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The field of merchant navy involves a certain order of hierarchy with the seafarers holding different ranks on ships. This ranking system ensures smooth coordination of on board operations and promotes proper management strategies. Being a line of work that requires a very high degree of professionalism wherein lax performance can result in drastic consequences, the hierarchy is essential to an economically viable model for shipboard operations with a shore based support framework.
The nomenclature of merchant navy ranking system is universally accepted by shipping companies and commercial vessels around the world. The ranks and responsibilities that come with it are somewhat similar across the whole industry with minor changes in names and duties assigned to specific positions varying among shipping companies and the system of nomenclature they follow. As mentioned above, essentially it is almost all the same.
In general, the ranking system on merchant vessels in mainly divided into following categories:
The bridge of a vessel is a hub that is fitted with critical equipment for the safe navigation and watchkeeping of the merchant ship. Owing to the advanced and specific nature of the bridge equipment, a requisite skill set is imperative for an individual to control all the equipment and thereby safely navigate the ship. Seafarers under the deck department of the ship are vested with the responsibility of managing ship navigation, along with handling cargo operations and berthing instruments present on the deck of the ship.
Similarly, seafarers working in the ship’s engine room fall under the engine department. This mainly include marine engineers and ratings responsible for operation and maintenance of ship’s machinery. The engine room houses the part of the ship that fuels/propels the vessel altogether and needless to say, a specific set of skills is essential to the engine room personnel as well.
The third department, or the catering department, is responsible for preparation of meals and general housekeeping for crew and passengers. The number of people employed in this department (which is under the purview of the Master, as with everything else) varies among ships and obviously, a passenger ship will have far more catering staff than a cargo ship owing to the number of people that need to be serviced.
A vessel thus requires a definite system of merchant navy ranks that would enable the distribution of assignments in a professional and formal manner.
Merchant Navy Ranks
The Captain (or Master) of the ship is the final authority of the ship and is the highest rank that one can achieve onboard. He shoulders total responsibility and oversees all shipboard operations. The Captain is in command of a merchant ship at all times and regulates the proper daily transactions and handles the legal affairs on maritime issues. In the unlikely event that the Master is not present on board, the Chief Mate is assumed to be interim in charge for shipboard operations.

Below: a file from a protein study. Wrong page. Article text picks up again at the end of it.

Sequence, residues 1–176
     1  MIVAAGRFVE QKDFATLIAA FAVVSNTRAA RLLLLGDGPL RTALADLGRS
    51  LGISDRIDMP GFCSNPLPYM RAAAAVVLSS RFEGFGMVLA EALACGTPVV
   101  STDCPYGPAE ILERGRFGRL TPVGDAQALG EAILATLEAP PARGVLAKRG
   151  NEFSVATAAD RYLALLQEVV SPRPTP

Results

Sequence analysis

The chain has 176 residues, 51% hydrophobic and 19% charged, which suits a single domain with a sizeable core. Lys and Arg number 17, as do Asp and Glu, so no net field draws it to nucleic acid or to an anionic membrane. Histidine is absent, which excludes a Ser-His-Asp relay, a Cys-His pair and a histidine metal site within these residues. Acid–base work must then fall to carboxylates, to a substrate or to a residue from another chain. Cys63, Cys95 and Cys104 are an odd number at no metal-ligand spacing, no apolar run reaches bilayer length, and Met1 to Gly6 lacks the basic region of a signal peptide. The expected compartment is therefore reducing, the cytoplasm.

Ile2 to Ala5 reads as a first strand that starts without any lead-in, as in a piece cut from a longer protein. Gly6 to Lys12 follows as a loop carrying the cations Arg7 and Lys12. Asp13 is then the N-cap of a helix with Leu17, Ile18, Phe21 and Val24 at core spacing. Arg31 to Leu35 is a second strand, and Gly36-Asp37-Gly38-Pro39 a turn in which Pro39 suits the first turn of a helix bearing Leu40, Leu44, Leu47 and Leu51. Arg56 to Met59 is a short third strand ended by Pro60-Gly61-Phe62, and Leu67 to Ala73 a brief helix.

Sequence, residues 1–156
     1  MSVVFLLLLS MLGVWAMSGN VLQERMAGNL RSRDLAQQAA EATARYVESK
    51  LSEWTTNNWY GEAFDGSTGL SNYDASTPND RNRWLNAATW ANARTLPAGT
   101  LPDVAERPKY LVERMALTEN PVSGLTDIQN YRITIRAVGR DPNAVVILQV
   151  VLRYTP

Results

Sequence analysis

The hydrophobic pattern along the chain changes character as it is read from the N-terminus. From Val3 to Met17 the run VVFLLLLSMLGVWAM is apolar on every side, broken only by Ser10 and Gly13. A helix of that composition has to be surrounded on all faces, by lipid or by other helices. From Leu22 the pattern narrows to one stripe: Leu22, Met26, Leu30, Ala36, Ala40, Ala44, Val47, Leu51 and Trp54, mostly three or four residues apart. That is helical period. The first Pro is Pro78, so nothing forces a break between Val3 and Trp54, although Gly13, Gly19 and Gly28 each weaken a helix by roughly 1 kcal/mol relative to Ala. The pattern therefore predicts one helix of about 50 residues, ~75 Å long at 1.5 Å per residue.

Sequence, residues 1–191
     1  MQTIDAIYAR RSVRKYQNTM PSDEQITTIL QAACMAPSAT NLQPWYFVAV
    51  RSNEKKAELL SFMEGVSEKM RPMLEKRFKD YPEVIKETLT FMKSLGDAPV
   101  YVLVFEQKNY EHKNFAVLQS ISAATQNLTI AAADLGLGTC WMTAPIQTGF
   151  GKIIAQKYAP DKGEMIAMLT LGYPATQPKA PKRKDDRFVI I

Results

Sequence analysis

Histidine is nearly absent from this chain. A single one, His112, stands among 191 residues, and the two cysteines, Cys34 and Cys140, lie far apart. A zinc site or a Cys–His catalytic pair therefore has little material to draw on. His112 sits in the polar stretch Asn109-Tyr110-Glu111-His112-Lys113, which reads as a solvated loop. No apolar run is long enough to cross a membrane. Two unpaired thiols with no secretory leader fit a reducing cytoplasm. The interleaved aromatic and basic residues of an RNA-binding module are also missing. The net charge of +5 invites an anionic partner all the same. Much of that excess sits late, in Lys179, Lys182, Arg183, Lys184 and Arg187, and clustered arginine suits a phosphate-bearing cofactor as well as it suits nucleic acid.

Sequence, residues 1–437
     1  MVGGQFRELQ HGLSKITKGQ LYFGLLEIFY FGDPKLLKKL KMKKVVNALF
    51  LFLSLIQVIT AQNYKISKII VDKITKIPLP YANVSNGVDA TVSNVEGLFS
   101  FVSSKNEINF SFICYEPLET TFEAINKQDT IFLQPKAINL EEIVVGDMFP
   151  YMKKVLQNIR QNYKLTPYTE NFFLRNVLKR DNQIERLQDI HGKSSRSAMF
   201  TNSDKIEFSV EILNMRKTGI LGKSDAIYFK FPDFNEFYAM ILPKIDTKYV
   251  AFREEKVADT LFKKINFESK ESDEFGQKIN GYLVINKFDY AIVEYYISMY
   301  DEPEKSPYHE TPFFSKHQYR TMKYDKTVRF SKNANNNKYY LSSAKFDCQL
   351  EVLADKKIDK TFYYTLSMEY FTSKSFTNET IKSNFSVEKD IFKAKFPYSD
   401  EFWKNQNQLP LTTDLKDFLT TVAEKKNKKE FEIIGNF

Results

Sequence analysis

Chief Officer / First Mate: Chief officer occupies the second responsible position after the Captain of the vessel. He is the executive head of the deck department and executes the order of the Master at the operational level (although the rank itself is a more managerial position). He supervises the vessel’s crew and looks after the various deck operations which include, but not limited to the daily ongoings of the deck as per the work schedule as well as the cargo operations to be carried out while in port.
The Chief Mate prioritises the security and safe functioning of the vessel and is responsible for the welfare of crew and passengers (if on a passenger ship) on board. Additionally, the correct working of the hull, the accommodation section, the cargo gearing, the security appliances and the fire prevention equipment is managed by the Chief Officer. Chief among all of his duties is the safe navigation of the ship for which he is an OOW for the navigational watches between 0400-0800 hrs and 1600-2000 hrs. Already burdened with a lot of work in port, the Chief Mate usually does not keep port watches as he is constantly overseeing the cargo work.
Second Officer/ Mate: The 2nd Mate is an OOW responsible for the charts & publications on board and their maintenance. Also, he is the medical officer onboard responsible for the upkeep and administering of all medically related services onboard. Being an OOW, the navigational watch timings for him are 1200-1600 hrs and 0000-0400 hrs while at sea. In port, his watches are from 1200-1800 hrs and 0000-0600 hrs
Third Officer/ Mate: The 3rd Mate is in charge of all the LSA and FFA onboard and is assigned the duty to upkeep and maintain them onboard. Apart from that, he has to handle all the port documents for use by the Master along with handling the bond store onboard. Being an OOW, the navigational watch timings for him are 0800-1200 hrs and 2000-0000 hrs while at sea. In port, his watches are from 0600-1200 hrs and 1800-0000 hrs